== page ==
Aiming at displaying soldiers in winter and in relation with the famous Battle for Moscow as the main goal of the figures, these army-men arrive dressed in M40 greatcoats, with steel helmets and marching/jack boots. Toques and five finger knitted gloves are also worn, although due to the fine size, the palms could be painted as without gloves, but for matching the overall appearance and purpose, hand protectors would be more appropriate. A plus-point goes for the correct endowment of all the four troopers with personal weapons, as specialized soldiers, mortar crewmen received pistols and here they keep the associated pistols in holsters. For the advancing team, the gear is almost complete, having “Y” straps, belts, shovels, mess-tins, canteens, bread bags, gas mask containers with gas cape pouches rolled around, but the Zeltbahn misses at the soldier carrying the base-plate, while the normal location of that item was taken by the mortar part. Mentioning that for the crouched team shovels were skipped and one of them has got a map/dispatch case, the rest of their equipment is identical with the just defined one. Though labelling in the title the period 1941-1945, these miniatures can be utilized without any fear during the entire period of war, including early stages, as Wehrmacht or Waffen SS units. The WW2 German greatcoats had a multitude of models, from army depots or tailor made, but mostly maintained the cut inherited from WWI, M36, M40, and M42 being the usual ones. On account the French cuffs, the model here portrayed might be assessed as M40 but it could be earlier or later versions as well. For instance, in 1/72 scale, the main difference between M36 or M40 is established by the colour of the collar hobbyist will paint, blue/green for the early models or feldgrau for the following ones.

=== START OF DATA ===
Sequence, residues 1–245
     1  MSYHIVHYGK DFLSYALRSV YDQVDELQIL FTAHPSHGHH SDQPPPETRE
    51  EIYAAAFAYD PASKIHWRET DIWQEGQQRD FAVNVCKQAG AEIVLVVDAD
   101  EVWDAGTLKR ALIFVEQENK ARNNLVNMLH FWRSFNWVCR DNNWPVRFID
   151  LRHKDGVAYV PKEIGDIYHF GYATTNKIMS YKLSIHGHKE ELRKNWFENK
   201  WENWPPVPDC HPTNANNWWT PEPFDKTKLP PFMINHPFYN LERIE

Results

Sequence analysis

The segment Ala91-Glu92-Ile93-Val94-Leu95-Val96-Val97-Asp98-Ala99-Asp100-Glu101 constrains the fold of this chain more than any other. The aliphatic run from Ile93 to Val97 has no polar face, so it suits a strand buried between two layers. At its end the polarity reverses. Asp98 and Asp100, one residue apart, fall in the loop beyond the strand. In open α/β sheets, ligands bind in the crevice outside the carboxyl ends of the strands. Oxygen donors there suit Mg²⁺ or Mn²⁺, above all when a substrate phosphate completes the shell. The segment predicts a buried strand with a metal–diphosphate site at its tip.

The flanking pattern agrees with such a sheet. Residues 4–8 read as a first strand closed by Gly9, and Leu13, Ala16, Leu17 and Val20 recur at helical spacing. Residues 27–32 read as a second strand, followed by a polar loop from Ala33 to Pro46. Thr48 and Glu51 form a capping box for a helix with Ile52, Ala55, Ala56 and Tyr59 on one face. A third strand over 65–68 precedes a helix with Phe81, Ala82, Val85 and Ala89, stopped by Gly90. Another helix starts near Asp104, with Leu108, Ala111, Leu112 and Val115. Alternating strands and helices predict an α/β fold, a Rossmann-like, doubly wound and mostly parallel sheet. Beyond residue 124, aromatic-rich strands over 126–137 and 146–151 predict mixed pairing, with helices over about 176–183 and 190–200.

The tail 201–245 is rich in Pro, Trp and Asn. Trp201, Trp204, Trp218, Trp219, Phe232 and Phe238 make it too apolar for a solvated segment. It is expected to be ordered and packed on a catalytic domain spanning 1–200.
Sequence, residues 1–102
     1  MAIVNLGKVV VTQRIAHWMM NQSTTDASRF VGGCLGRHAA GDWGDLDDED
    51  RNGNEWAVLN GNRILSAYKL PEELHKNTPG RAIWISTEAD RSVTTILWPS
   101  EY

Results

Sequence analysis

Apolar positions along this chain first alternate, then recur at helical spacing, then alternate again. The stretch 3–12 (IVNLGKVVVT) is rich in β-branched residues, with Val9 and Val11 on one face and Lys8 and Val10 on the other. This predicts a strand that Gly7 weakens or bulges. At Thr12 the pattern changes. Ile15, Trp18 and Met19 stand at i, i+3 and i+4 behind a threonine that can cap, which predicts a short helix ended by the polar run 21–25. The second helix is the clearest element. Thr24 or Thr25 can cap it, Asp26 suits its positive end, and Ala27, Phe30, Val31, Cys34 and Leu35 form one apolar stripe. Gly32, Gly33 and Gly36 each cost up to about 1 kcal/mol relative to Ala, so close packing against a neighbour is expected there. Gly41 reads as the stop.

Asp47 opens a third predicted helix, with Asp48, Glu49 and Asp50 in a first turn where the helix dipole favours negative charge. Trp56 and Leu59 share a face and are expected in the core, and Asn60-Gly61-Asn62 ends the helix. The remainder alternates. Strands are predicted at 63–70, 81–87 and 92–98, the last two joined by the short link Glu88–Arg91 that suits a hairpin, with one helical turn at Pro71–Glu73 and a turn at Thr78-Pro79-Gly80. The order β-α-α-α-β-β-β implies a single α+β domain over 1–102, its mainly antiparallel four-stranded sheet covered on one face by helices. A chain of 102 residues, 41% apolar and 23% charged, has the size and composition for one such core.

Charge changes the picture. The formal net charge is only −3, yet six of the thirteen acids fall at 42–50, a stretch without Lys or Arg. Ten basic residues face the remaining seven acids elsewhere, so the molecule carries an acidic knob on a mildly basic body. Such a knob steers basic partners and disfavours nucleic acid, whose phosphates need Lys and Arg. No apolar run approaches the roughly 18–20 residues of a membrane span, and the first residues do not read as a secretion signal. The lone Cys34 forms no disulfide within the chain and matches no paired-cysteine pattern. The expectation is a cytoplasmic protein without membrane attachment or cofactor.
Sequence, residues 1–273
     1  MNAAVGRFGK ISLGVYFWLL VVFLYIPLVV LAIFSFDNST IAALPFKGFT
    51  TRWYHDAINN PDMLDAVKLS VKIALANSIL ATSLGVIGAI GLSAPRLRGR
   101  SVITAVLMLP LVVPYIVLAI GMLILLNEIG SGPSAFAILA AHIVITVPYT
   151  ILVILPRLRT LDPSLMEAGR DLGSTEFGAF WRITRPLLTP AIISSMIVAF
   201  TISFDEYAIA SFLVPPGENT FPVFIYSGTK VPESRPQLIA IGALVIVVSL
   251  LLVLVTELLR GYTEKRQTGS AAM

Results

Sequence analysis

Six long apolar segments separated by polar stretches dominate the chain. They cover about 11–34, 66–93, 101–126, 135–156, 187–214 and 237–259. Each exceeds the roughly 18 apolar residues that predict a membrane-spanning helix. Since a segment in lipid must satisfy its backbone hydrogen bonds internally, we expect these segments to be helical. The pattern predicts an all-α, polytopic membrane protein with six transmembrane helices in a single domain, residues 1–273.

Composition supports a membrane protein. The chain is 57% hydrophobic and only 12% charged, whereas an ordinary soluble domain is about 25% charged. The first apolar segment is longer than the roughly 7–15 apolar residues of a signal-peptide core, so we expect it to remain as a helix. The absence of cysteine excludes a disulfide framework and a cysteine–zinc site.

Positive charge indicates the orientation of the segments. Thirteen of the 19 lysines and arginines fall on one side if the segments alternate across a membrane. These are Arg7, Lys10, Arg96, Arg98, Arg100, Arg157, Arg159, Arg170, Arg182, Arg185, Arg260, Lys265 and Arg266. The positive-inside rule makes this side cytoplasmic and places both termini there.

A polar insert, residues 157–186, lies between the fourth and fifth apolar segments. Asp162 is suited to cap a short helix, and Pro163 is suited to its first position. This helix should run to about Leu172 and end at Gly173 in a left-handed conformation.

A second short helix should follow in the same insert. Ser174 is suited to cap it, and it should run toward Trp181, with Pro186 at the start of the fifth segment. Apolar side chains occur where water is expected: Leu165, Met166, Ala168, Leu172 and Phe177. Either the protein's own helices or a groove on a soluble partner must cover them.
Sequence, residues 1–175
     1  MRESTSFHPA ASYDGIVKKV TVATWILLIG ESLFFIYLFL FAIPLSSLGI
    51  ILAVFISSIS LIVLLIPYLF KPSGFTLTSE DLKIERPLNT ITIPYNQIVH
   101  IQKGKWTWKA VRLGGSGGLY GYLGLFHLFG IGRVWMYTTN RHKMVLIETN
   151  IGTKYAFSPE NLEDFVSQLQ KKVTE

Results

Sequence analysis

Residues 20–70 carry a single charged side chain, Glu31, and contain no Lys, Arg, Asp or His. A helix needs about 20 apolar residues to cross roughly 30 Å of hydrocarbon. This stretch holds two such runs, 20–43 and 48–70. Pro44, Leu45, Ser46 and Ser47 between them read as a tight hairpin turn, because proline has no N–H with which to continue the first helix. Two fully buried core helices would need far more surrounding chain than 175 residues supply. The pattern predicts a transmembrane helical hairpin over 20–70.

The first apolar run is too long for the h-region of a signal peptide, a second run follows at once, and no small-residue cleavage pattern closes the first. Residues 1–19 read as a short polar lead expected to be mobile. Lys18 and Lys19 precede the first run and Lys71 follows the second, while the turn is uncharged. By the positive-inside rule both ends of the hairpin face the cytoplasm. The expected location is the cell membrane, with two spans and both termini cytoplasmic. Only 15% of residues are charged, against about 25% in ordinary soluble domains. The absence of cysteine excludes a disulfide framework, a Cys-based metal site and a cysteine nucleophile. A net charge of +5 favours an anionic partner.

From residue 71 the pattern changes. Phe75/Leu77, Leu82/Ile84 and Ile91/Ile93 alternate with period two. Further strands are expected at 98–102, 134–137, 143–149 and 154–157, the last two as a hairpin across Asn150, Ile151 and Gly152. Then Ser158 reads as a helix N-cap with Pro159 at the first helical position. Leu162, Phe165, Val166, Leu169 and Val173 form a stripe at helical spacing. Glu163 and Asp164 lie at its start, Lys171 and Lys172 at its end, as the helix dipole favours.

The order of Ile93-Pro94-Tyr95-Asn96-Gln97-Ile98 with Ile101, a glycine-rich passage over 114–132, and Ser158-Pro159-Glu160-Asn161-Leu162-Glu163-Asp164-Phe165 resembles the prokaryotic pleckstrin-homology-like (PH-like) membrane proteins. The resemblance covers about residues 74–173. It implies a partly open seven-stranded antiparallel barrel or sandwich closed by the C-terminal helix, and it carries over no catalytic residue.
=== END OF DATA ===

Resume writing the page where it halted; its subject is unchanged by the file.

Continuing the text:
The idea of enclosing GrW34 in two modes, combat and transportation, looks awesome, particularly bearing in mind that until now, in 1/72 scale only Preiser has depicted a packed mortar within the notable “WWII German Infantry riflemen with mortar, lined up”. Nevertheless, Preiser set is much better, not only because it puts forward a complete eight member crew, but also presents the accurate way of transporting the weapon as well as the padded carriers specially issued for base plate and bipod. Regulations assigned three soldiers to carry GrW34 during infantry transportation, one the tube, the second the bipod, and the third the base plate. Still, the norms are silent as regards which member of the team had to carry a particular part, but those were most surely transported by gunner and his two assistants. Zvezda planned just two soldiers for carrying the three parts of the weapon, one having the tube, the second the base-plate and both holding the bipod. Nevertheless, such situations could intervene on the battlefield, in urgency situations or lack of enough personnel, the other crew members being killed, wounded or busy with other stuff such as cover fire until their comrades moved the mortar in a different position. Practically, these two troopers suggest a critical situation, changing the location of the weapon in a short distance, aspect highlighted as well by the lack of related padded carriers for the base-plate and bipod. Anyway, hobbyists wanting to get a more accurate image of a GrW34 mortar team transporting the weapon may complete the members with conversions of these figs or of the waking soldiers available inside Zvezda’s “German Infantry in Winter Uniforms 1941-1945”.  In this light, the base-plate can be allocated to another trooper or simply let by that but bringing inside the team a commander and some ammunition bearers, related ammunition boxes being on disposal inside Preiser and Pegasus Hobbies sets targeting GrW34.